My new friend Amy got streaks in her hair, and I think she looks terrific.
"Doesn't she look wonderful!" I say to Wendy, who has just arrived here at the birthday party. Wendy has her eyebrows up. Or, is this because of her recent brow wax? No, she definitely has her eyebrows way up, wearing an expression that says: "I have no idea what to say here."
I ignore Wendy, lest she rain on my Amy parade. How can you not admire a woman with the courage to dye her hair bright red and then add wide streaks of honey blond and warm chestnut? It's a ... look. And Amy is just the person to pull it off. She's wearing a denim jacket lined with shocking pink fleece, and low-rider jeans shredded here and there, enhanced with patches.
"Doesn't she have a look?" I say to Wendy, while I put my arm around Amy. "I think this new hair completes it, don't you?"
Wendy is still doing the brow lift. She smiles. She nods too enthusiastically, in that way that says: "I have no idea what to say here."
It occurs to me that this is the first time Wendy has even met Amy. Why would Wendy have an opinion on Amy's developing style? She knows nothing of Amy's yesterday hair, so how could she possibly see her today hair as anything worthy of remark?
It occurs to me that what we have here is a collision of new friend and old. Pow! And: plop. My heart sinks with the realization that my Amy-fest has left Wendy in the dust.
"Wendy got a brow wax," I say to Amy. "Doesn't she look terrific?"
Oh, dear. These women are now staring at each other with frozen grins, still as cats. Um. Fortunately, both have children here, and the children are tugging on their arms with pizza requests. God bless the children. I vanish on a mission to offer the choice of plain or pepperoni.
Make new friends, but keep the old, one is silver and the other's gold. I've always been better at the second part of that saying than the first. The keeping of old. Now that I think about it, that singsongy saying was about the only thing I got out of my short career as a Girl Scout, a horrible experience. I was terrified. All those new girls I had to try to figure out how to actually speak to. Ask any shy person: For us, making friends takes time. We don't just jump in. We suffer from outsider anxiety, the feeling that no one is going to understand us because we're weirdos. Something like that. None of this is conscious. We hang back, wait, hope for a new-friend miracle.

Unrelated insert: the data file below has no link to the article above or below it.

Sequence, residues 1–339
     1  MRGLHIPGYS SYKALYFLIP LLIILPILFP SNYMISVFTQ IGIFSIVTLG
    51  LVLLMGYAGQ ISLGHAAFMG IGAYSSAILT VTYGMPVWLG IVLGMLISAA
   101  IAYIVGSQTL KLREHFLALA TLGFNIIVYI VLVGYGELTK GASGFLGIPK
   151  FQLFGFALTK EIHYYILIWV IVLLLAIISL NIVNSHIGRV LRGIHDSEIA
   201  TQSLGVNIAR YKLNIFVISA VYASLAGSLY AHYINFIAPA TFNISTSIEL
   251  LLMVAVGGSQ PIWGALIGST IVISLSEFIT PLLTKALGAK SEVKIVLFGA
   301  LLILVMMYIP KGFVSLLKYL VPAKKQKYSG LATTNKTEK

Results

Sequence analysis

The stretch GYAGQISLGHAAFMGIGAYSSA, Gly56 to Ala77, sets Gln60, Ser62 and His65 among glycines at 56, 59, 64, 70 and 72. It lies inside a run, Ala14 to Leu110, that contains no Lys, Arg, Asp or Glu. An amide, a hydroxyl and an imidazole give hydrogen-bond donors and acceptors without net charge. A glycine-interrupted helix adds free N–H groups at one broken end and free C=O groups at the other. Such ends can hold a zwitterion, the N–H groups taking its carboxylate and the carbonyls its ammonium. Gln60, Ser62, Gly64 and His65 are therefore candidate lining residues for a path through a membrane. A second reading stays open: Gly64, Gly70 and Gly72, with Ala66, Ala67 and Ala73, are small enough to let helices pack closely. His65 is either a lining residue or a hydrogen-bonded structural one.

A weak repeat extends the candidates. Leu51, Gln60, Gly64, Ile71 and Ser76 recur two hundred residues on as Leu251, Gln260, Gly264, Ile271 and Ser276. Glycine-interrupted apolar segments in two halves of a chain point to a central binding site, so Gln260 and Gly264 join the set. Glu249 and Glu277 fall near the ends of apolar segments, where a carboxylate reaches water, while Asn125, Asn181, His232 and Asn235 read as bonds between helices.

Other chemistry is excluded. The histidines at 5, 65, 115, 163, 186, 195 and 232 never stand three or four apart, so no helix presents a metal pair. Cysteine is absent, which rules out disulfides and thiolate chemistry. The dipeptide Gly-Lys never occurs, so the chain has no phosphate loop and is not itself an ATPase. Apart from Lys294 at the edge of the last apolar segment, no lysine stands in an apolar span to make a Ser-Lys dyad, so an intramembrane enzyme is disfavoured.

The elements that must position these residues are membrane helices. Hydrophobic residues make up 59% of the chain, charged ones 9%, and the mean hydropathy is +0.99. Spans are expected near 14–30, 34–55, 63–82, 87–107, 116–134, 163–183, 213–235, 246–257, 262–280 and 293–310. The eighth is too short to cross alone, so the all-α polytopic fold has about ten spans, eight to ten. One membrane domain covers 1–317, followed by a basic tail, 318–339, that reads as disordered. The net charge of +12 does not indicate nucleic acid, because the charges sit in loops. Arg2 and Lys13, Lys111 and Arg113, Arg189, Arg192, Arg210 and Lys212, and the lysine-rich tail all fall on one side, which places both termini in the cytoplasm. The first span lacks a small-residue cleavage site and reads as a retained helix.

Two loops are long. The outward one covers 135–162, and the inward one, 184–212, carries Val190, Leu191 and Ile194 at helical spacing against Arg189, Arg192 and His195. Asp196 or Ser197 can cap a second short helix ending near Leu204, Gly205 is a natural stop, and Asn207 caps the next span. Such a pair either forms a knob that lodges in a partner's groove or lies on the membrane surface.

I just went through an intermittent three years of this familiar story. When your kid reaches school age, suddenly you have all these parents to get to know. I'd see them in the parking lot, and at the birthday parties. I longed to figure out how to jump in, make new friends. But it wasn't happening. I tried not to care. I had my old friends. I didn't have time for any stinkin' new friends! Harumph. This is how it goes, as you hide your shyness like shame, year after year, until one day you look around and say, Hey, I like these people! Suddenly, you have a set of shared experiences, the opening chapter of a shared history. You know Amy's hair and Janice's ailing dog, and thanks to the drill sergeant principal who caught you and Wanda using the forbidden side door, you now have funny stories to tell.
So having all these new friends at my daughter's sixth birthday party, this really is big. This is a breakthrough. I want to share them with my old friends. I want to celebrate Amy's streaks and spread the good news of Janice's dog, and oh-my-God it was hilarious the way the principal chewed out Wanda and me, wait till you hear this one!
But my old friends -- they're over there in a lump. Their kids go to different schools, or they don't have kids; they have no investment whatsoever in my new friends. Wendy has joined Beth and Nancy and B.K. and assorted spouses, and the whole group is sitting over there on the floor. I have half a mind to trot over to them. "Yo, lump," I want to say. "Come on out here, and have fun with my fun new friends!"
I trot over to them. Wendy speaks before I get the chance. "We were thinking of going out afterward," she says. "Maybe that place with the good wings?"
What a great idea! I am about to turn to invite all my new friends to the impromptu afterparty. "It would probably be best if it was just us," Wendy says. "Don't you think?"
Just us. Not them. Oh, I hate this. How do you make new friends but keep the old without feeling like a heel? I should have stayed longer in Girl Scouts.